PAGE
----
New sensor and network technologies continue to permeate our world.
Our spaces, buildings, and cities will learn to leverage real-time data concerning occupant behavior and air quality/temperature to dynamically optimize space performance and experience. This responsiveness will significantly reduce the amount of energy required to operate the built environment.
Today, these strategies include leveraging market available technologies like breathable facades, automatically dimming windows or shades, and demand-dimming lights that adjust based on natural light levels — to name a few. More and more these systems are then connected together into sophisticated Building Energy Management Systems (BEMS) or other orchestration technologies, which operate as a central building CPU.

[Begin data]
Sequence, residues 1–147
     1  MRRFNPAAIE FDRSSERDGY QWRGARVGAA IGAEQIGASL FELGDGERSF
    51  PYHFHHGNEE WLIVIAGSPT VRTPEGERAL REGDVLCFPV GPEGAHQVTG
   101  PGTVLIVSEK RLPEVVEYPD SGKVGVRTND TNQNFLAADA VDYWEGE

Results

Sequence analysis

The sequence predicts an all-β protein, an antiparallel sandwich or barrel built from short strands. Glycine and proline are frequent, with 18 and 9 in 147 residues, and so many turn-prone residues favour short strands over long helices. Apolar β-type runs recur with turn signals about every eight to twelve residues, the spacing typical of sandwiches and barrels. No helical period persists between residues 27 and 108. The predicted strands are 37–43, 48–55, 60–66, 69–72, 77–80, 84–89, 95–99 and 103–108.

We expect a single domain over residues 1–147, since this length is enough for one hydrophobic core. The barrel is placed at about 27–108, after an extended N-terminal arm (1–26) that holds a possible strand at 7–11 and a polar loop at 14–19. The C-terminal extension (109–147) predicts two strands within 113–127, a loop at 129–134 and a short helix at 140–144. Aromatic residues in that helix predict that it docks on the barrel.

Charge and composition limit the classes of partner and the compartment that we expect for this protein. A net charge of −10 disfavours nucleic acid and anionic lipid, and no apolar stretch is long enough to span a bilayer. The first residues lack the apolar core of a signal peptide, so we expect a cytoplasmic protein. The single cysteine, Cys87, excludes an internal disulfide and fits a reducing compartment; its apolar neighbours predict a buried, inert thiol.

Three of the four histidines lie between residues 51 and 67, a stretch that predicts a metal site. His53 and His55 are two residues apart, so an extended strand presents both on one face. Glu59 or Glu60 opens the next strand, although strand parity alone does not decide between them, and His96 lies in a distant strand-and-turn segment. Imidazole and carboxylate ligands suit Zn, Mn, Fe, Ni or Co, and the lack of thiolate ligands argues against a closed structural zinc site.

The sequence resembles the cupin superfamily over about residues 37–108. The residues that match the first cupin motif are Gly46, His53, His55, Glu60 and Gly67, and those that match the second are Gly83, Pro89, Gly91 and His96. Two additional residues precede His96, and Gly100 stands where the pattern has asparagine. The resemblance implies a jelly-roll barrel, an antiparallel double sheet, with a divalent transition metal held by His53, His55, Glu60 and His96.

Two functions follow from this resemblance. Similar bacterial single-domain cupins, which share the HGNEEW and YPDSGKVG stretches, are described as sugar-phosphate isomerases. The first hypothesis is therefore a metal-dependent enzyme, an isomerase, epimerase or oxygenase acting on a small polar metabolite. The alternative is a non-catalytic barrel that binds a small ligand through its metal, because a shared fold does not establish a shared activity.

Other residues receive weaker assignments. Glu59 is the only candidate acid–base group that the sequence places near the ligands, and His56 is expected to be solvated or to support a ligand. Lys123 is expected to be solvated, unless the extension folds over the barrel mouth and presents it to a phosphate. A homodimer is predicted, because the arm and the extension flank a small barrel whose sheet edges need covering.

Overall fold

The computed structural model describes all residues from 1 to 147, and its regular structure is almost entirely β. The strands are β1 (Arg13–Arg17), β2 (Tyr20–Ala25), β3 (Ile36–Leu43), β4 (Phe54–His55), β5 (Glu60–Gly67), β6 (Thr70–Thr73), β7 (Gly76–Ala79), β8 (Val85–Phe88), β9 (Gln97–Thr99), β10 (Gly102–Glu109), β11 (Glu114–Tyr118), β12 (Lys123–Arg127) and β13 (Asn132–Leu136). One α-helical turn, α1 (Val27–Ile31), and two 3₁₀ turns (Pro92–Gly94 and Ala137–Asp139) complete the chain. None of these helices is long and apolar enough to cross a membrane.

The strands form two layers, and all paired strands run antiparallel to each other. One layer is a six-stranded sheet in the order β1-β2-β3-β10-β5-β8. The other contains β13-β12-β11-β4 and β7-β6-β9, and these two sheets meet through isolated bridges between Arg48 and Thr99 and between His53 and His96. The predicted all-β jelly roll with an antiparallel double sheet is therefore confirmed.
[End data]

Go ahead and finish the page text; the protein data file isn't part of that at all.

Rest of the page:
Systems are then dynamically managed in response to real-time conditions, either by building staff, automated algorithms (AI, machine learning), or a combination of the two. This is an important point to stress — most smart buildings still don’t run themselves yet, so having a plan for how you’ll operate a smart building is imperative before deciding to create one.
The next iteration of smart buildings will leverage advances in sensor technology alongside an increased number of IoT-enabled devices. This will allow building occupants to have a more direct relationship to their building—both in feeding it additional data to support optimization algorithms and having more direct control of their immediate surroundings. These buildings empower occupants to do everything from dim the lights at their workstations to adjust the climate of a specific room.